Hope is the first step on an uphill climb. How can we in good conscience empty that priceless ether of goodwill from a living being? What a person can do with a finite amount of time can change the world.
Parvez Dara, MD, FACP, MBA
Imagine accidentally falling off an abyss. One simply cannot fully understand the gravity of the situation! You might skip a beat thinking about it while sitting in a chair in your living room, if you have tons of empathy, as you try to get into the shoes that are flailing for survival.
But there he was, ashen as if impaled by a spear through his heart. He sat motionless, ossified as his thoughts tumbled end over end. I could see the fine tremors on his fingers. His eyes were bloodshot from the riot in his brain, the cacophony of cries, the chaotic mixture of black and white, of right and wrong, of good and bad, of fear and strength, of a past and a finite future, of children, of this and that, and of time.
I sat on a chair by his bedside, and on the other side was his wife of a few years putting a brave face on. Her eyes too were bloodshot, holding back the deluge that would be spent in the bathroom alone. Her face was red from a mixture of emotions: anger, frustration, denial, and absolute fury at the fate that would befall them soon. Her one love, stranded alone against all odds of his overall good health, slipping away. Her knuckles paled, as she fought her emotions against reality. She held firm, mouth pursed in defiance, and her body arched and angry.
“So doc, how long do I have to live?” he asked. His voice a whisper between dried words that took an effort to escape his lips, with the limited force of the breath that wished not to be heard.
What do I say to him? How do I answer that question?
Do I cite the statistics and tell him the median survival rate? Or do I simply tell him that 50% of people with his diagnosis live less than x months, and the other 50% live longer than that? Or do I tell him the average survival rate, which was slightly lower than the median in his case? What would that do to him? And as much, what about his wife? How would she interpret her future? What about the unborn child that gave her that tiny bump in her belly? How would she interpret that answer? He might be one of those outliers we all live to tell about at medical conferences. He might have a certain unknown mutant gene in him that could be exploited by one or the other drugs available to lend him more time. Do I play the nice card and say something banal like, “As long as you want to live?” Trite as it sounds, it has some truth to it, too. But then the respect between us three might be lost. Wouldn’t it?
A State of Turmoil
I did not realize that my hands were clenched tightly too, cutting off the circulation in the capillaries and turning my knuckles a shade whiter. I shifted in the chair, uncomfortable with the demands placed on me, measuring the impact of my words, his life, and the gravity of the situation oozing through ever corner of that four-walled room. Time seemed to stand still. The seconds crept and still my thoughts were end over end—a state of turmoil.
Today’s Facts, Tomorrow’s Hopes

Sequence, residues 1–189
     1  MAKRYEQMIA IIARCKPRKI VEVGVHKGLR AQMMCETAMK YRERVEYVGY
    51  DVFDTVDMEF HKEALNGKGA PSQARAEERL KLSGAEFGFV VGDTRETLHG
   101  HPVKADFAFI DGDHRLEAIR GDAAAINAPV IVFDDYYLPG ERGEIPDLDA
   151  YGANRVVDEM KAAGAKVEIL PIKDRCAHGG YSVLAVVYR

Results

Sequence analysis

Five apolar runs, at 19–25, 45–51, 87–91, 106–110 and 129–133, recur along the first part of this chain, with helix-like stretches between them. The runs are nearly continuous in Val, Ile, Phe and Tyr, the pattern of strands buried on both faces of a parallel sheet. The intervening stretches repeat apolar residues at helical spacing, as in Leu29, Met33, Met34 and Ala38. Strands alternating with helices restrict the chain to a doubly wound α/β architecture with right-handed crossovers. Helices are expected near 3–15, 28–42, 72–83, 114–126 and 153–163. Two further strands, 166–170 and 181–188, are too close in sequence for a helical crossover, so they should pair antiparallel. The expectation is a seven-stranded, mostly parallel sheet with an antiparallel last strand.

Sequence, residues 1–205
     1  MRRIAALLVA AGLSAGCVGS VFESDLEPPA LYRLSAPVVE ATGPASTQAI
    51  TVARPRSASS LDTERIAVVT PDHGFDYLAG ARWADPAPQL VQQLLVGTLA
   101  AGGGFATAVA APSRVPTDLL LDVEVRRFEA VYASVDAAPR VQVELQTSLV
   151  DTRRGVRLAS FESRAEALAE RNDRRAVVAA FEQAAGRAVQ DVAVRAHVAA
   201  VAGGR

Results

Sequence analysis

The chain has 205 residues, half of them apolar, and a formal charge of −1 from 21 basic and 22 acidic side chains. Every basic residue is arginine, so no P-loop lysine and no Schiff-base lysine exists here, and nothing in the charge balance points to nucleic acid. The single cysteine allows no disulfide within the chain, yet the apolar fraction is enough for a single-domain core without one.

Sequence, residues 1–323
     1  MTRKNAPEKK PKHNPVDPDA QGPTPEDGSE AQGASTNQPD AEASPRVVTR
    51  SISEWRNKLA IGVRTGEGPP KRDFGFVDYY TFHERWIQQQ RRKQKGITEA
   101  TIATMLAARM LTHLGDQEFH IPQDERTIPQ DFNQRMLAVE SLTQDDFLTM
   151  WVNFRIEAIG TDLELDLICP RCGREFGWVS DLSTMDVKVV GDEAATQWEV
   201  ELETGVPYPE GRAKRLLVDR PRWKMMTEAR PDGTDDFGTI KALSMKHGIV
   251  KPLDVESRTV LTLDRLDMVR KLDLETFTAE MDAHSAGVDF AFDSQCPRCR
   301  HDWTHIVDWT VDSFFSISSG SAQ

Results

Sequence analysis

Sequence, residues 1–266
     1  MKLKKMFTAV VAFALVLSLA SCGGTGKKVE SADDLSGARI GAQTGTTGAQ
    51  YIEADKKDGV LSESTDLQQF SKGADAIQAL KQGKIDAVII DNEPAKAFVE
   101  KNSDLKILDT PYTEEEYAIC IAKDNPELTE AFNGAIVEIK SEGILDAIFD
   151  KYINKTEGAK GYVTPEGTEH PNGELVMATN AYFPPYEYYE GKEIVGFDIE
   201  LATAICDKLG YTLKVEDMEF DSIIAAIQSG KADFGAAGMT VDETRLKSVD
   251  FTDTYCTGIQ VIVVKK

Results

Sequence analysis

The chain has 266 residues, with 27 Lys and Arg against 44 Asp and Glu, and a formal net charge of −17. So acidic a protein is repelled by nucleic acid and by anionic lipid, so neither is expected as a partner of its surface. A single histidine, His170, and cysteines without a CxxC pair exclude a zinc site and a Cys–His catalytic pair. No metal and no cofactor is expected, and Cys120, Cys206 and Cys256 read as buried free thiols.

“What I am about to tell you has to be understood carefully by both of you. I don’t offer false hopes. I cannot offer the permanency of a cure, but what I am suggesting are the facts as they exist today. These facts might change over the course of your illness and propel us to a better tomorrow, but today, I can offer you only these facts.”
He relaxed as I drew some graphs of survival data. I showed him the slightly fat tail in the graph where the outliers lived. I explained to both of them that therapy in its current form could offer him some relief, but the limits imposed upon the data by arbitrary numbers were based on 95% confidence intervals and assumptions (as all statistical probabilities are).
As our conversation proceeded, he relaxed, his eyes shed some isolated tears, and the color in his face returned. I do not know how the subject of Stephen Jay Gould came up, but I found myself quoting him: “All evolutionary biologists know that variation itself is nature’s only irreducible essence…. I had to place myself amidst the variation.” I told him the evolutionary biologist was given 6 months to live, and after research, he realized that the outliers could live well past 10 years with the disease that he had. He did! There was hope for time. More color filtered back into his face, and as confidence built, a partial smile broke out; I said, “Do some of your own research and run that by me. I will help you along.”
Winning Outlier Status
The next day, I walked by his room and found that he had been discharged from the hospital. I cared for him after that hospital day for a fairly long time. He defied the odds. He fought the battle and won his outlier status.
He saw the birth of his child, and a few birthdays to boot. He created a company that employed 10 employees and was lucrative in the first few months. Ah life, the eternal source of human innovation, was in full bloom. He lived life well on that finite time he was allotted.
Hope fights despair. It encourages choices and readies us for the necessary toil. Hope is the first step on an uphill climb. How can we in good conscience empty that priceless ether of goodwill from a living being? What a person can do with a finite amount of time can change the world.
So how does one answer the question, “How long do I have?” It depends on the individual asking the question and the physician answering it. There must never be barriers between the two. Eye-to-eye contact and a controlled tincture of empathy are essential. There should never be the burden on either one during the conversation. No impediments should confiscate that precious time between a patient and his or her physician in discussions of such weighty matter. None! ■